A rare sequel
The Godfather part II is a fantastic sequel and a great follow up to the original. Most sequels are not as good as the original, some are plain rubbish. But The Godfather part II is rare because it is just as good as the original (some reviewers say it is better than the first but i don't think so). The performances are brilliant just like in the first. Robert de Niro plays a young Vito Corleone. showing the young life of Vito in the 1920's While Michael tries to extend the family business in the 1950's. The godfather part II is a must see for fans of the original,what a must buy for fans of the original. fans of the original will love 10/10 definitive crime film. Thanks for reading.
Best Supporting Actor - Robert De Niro
After the success of 'The Godfather' and having been turned down for a part in the first film, Robert De Niro follows hot on the heels of Al Pacino by being cast as the younger version of Vito (Marlon Brando). In it, we see a 30 year old Robert De Niro being taken from being a clean cut young man, probably not as striking as Pacino with his large brown eyes and dark hair, but interesting to look at none the less. Although not innocent looking, De Niro goes from being clean cut to being the gangster that we have come to know and love in the 80's and 90's at the guiding hand of Francis Ford Coppola. No wonder he won the award for 'Best Supporting Actor' to Pacino's leading role. As a whole, the film wasn't as cinematic as the first one, the range of characters that dominated the predecessor was not there is this follow up. However, the film was dominated by Robert De Niro, and it's almost a pity that De Niro and Pacino didn't meet. They would have to wait until 22 years later when they would team up in 'Heat'.
Sorry, but it just didn't deliver
OK. Let's get real. The Godfather is beyond excellent in every single way. I'm not giving comments on The Godfather, because it would be almost blasphemy. Nevertheless, I expected much more on part II. Personally, I didn't like it. Here's the deal: the story was way too slow paced. Nothing really happened. Only the hit on Michael's house, and the build up for young Vito's story was what makes you interested. The rest is just anti-climatic and dull. The dialogs weren't as quotable or stand alone as in the first. I thought as a sad imitation of the real thing.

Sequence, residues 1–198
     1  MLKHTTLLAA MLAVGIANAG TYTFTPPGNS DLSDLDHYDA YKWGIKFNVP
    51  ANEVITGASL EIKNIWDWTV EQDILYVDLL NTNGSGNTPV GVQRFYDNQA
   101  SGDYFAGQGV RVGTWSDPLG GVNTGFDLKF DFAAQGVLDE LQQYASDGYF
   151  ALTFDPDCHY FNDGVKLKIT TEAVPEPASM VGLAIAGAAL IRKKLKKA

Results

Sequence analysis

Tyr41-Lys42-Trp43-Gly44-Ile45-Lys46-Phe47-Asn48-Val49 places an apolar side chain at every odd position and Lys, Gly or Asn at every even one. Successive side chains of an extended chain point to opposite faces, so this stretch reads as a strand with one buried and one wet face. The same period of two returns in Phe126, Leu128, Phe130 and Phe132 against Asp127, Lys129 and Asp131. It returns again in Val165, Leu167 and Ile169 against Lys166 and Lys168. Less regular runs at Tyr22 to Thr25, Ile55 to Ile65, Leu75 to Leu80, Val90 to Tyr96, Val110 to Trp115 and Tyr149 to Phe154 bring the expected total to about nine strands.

Al Pacino's performance was absolutely superb. The problem wasn't that. The whole character was what failed. In the first, we get the glimpse of a warm man, but gets cold when is needed. A man who thinks before he talks. In this one, we see a man who is cold and heartless every single time you see him. He no longer has the eminence that Vito Corleone once had. The previous Don was eminent and even though he could scare the hell out of you with his stare, you respected and looked up to him. Now, his son is just pure evil. And that doesn't make sense. In the book, it's clear that Michael is the living image of his father. So, what happened? Him killing Fredo was completely useless. Even if he did betray him, there was no need to have him whacked. A Don just doesn't kill anyone from his own family (not "the Family", the real one). I know, Michael did kill Carlo, but let's remember he was not really family, just an in-law, and he did deserve what was coming. Another thing I personally hated was what happened to Connie. As you will see in the third, she radically changes from the naive Don's daughter to... Sorry, wrong movie. Anyway, all the other aspects, (filmmaking, score, performances, photography)were indeed flawless.